It is called
Operation Clean Heart and for much of the last 10 days it has made
Bangladesh look like a military state.
40,000 troops have been deployed in most towns and cities of the
country as part of a drive by the
government to eradicate violent crime.
have been carrying out overnight raids on the homes of suspected
criminals to arrest them and hand them over to the police.
people have been detained.
While many Bangladeshis
fed up with the daily threat of crime have welcomed the army's involvement,
concerns have been expressed about the detention of prominent members
of the opposition and the deaths in custody of at least 12 people.
This is no typical
operation - as I discovered when I joined troops one night. Controversially,
the army's raid this time is on the streets of the capital itself
- in search of violent criminals.
ordered to spread out, and surround the houses of two suspects.
But they do
not force their way into suspects' homes - the tactic here is to
knock first, at least while we were there.
the standard policy we follow. We never terrorise the people, we
never intimidate the people," Lieutenant-Colonel Mohammed Saif
try and do it in a modest way so that they do not get annoyed with
overnight are handed over to the police the next day.
In most cases
the suspects will be prosecuted for firearms offences.
At the same
time, the army carries out random stop-and-search checks in towns
and cities all over Bangladesh.
The sight of
armed soldiers on the streets of Dhaka may bring back uncomfortable
memories of the dark days of military dictatorship 10 years ago.
But this army
operation seems to have been overwhelmingly welcomed by most people,
who are relieved that at last something has been done to
combat the breakdown of law and order.
military deployment has been strongly criticised more recently by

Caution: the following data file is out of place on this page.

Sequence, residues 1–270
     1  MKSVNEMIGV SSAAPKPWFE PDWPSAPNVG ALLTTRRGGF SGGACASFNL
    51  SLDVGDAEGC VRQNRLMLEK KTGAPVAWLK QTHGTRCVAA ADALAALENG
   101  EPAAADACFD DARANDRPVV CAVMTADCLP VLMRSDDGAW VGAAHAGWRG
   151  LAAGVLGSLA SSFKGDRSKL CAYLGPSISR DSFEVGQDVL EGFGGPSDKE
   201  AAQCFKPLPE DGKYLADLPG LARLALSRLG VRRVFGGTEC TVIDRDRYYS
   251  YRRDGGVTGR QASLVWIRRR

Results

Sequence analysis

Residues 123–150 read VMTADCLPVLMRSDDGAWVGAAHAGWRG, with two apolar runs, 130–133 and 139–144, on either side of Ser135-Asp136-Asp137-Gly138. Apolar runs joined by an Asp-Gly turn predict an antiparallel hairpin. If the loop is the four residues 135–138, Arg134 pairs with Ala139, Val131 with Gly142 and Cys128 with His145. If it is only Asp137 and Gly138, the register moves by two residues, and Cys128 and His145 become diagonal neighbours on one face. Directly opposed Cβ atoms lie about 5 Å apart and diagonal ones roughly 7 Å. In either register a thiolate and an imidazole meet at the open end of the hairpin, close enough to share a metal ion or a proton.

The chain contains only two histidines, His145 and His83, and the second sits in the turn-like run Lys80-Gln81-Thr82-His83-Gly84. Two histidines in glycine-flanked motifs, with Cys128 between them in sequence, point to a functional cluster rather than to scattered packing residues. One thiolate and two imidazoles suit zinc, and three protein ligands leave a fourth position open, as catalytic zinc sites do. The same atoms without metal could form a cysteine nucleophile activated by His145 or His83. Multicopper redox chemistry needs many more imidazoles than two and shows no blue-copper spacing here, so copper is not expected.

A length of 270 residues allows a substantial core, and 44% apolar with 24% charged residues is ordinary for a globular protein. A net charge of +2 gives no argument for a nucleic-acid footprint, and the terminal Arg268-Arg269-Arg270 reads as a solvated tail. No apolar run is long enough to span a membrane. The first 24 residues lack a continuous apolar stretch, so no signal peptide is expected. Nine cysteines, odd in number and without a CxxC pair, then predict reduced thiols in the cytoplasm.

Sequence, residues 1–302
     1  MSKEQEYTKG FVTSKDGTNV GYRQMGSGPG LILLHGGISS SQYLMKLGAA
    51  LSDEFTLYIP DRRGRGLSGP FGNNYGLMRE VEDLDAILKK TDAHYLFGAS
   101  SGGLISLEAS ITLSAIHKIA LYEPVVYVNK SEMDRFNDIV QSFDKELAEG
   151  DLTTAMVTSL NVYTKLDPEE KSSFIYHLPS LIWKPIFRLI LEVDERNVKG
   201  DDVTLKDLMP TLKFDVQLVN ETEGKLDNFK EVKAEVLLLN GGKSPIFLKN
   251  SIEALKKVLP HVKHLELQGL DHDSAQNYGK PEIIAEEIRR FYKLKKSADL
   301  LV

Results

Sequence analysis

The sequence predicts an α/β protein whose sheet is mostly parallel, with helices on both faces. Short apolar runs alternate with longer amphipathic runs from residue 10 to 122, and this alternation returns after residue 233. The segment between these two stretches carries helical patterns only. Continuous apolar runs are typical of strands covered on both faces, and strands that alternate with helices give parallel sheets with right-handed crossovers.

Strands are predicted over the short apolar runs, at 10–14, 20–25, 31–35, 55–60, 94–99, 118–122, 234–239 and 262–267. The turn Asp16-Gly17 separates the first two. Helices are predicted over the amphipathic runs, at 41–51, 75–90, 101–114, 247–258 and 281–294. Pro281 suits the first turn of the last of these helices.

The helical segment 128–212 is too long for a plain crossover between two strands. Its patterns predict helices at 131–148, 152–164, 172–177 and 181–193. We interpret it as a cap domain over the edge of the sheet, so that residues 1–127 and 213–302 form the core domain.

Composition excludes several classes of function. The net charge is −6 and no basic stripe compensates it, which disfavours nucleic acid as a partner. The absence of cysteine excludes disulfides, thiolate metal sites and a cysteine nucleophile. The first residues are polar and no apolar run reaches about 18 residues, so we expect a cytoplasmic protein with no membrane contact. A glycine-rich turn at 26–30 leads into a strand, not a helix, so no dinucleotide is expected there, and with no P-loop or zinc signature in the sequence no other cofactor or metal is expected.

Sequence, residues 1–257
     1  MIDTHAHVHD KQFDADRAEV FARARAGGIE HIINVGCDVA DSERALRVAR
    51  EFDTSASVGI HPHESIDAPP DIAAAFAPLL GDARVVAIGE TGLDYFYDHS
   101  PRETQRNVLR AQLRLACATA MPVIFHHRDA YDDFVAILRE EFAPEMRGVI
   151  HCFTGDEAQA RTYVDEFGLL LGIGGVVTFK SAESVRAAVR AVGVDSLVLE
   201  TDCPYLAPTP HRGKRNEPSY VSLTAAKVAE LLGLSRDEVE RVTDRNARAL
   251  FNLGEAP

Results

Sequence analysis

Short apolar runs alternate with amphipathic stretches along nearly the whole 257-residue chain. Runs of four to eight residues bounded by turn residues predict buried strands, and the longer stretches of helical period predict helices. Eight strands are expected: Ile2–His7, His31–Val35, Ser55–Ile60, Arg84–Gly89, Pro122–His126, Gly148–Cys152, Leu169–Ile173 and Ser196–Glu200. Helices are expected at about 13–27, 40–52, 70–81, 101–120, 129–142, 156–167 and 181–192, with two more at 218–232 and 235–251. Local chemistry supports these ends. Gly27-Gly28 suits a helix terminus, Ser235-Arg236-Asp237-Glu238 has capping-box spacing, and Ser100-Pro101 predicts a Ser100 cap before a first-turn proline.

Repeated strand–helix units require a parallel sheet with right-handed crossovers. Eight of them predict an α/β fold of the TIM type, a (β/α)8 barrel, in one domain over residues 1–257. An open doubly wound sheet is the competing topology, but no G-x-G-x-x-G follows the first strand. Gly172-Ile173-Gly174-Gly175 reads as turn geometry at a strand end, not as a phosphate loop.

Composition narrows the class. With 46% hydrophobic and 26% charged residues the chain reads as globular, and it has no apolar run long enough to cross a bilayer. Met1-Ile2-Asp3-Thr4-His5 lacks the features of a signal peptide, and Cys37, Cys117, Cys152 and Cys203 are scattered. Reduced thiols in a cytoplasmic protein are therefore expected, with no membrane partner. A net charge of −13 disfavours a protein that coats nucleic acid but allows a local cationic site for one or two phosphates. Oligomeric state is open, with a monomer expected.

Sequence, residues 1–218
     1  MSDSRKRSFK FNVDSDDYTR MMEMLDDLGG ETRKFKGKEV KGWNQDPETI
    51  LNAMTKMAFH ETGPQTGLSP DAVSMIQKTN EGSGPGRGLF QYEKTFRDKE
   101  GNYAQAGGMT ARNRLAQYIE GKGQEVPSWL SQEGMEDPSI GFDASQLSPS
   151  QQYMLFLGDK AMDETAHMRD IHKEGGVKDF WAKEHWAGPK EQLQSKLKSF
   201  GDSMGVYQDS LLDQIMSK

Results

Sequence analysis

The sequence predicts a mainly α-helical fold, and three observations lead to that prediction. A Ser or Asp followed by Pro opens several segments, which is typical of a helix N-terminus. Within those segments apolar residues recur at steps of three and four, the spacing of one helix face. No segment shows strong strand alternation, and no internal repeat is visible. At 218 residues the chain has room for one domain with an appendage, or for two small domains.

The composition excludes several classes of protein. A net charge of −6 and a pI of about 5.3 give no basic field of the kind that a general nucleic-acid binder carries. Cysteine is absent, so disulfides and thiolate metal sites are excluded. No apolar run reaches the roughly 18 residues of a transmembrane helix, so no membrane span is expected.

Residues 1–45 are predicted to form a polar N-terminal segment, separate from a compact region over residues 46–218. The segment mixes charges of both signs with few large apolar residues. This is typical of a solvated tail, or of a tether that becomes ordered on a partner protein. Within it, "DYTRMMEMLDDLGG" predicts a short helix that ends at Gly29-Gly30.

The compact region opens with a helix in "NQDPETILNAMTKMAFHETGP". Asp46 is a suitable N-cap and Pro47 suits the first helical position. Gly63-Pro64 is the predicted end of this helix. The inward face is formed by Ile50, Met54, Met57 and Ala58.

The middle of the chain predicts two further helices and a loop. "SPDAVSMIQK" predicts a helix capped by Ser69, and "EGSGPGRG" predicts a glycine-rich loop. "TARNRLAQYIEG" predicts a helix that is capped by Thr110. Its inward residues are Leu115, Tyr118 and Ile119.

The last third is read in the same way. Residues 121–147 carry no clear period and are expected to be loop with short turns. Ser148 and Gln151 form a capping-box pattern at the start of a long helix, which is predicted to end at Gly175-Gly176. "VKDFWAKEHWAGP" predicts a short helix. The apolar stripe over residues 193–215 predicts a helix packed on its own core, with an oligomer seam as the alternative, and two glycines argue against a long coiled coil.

the main opposition Awami League, angry over the fact that at least
12 people have died in military custody since the army operation
say that the army's offer to hold an official inquiry into the deaths
is not satisfactory.
They are also
angry that several of their own leading MPs have been arrested since
troops were ordered onto the streets.
experts say that the success of the military deployment will remain
doubtful so long as both main parties have MPs accused of criminal
offences who are likely to escape arrest.
Dr Kamal Hossain,
one of the authors of the Bangladeshi constitution, is clear where
the blame lies.
of lawless violence from which people have been suffering, now and
under the previous government, is the result of those who are at
the helm of public affairs forgetting that they are subject to the
constitution, and that they have obligations not to violate the
law or permit the violation of the law by their supporters,"
30-year history, the army has played a pivotal role.
On the positive
side, it fought for the country's independence from Pakistan, and
plays a vital role in dealing with floods and disasters.
of Bangladesh's military dictatorship in the 1970s and 1980s have
drive may be a popular move now, but human rights groups such as
Amnesty International say that the overall cost is too high.
Friday, 1 November, 2002